Predicting the consequences of harvest-induced selection on behavioral traits in harvested populations can be complex, but a recent framework in fisheries suggest that passive gear should harvest bolder individuals and lead to a timidity syndrome in the harvested population, whereas active gear should harvest shyer individuals and lead to a boldness syndrome26,27. This framework accounts for the interplay between the harvest method and animal behavior, but it may allow broader predictions if it also accounts for human behavior and harvested species ecology28,29. For instance, in terrestrial ecosystems, we known human access is an important driver explaining distribution of hunting mortalities20,30. Therefore, we proposed that, at a larger spatial scale, behaviors that increases the encounter probability between an animal and a hunter or a fishing gear should be selected against by harvesting. At a smaller spatial scale, once an animal is in the vicinity of a hunter or of fishing gear, bolder individuals will be more vulnerable to passive harvest methods and shyer individuals will be more vulnerable to active harvest methods16,26,27,31. Also, one must carefully integrate information about the harvested species’ ecology and behavior. For instance, in terrestrial ecosystems, rates of movement may influence both the probability of being detected by dogs or hunters and the probability to escape hunting dogs and hunters. In our population, we know that bears sometimes do escape hunters and their dogs. Other species, however, like the cougar (Puma concolor), could be more likely to climb a tree when chased by dogs, which increases the probability of being harvested24. Therefore, we propose that rates of movement can be selected for (when detection probability < probability of escaping dogs) or against (when detection probability > probability of escaping dogs), depending on a species’ ecology. More studies in both marine and terrestrial ecosystems are needed to test this updated framework and better understand the complex interactions at play in behavioral harvest-induced selection.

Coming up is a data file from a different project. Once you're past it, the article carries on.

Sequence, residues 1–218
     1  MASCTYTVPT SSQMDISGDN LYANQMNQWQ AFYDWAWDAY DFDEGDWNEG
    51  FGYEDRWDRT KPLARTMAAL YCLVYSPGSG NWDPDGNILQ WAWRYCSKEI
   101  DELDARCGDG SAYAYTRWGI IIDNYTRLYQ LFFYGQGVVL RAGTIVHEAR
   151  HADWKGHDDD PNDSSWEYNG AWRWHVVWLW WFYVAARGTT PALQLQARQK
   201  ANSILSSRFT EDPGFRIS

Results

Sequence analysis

To test predictions of harvest-induced selection on behavioral traits with the proposed framework, the behaviors from individuals must be correctly identified as “bold” or “shy”. However, this is not a trivial exercise. For instance, repeatable individual variation in habitat selection of bogs has been shown in our population32, but it would be tenuous to infer that one bear is bolder than another based on this behavior. To make comparisons between studies more feasible and to develop more general predictions, we propose to use behaviors shown or predicted to be under selection, rather than an imprecise secondary term such as “boldness”33,34.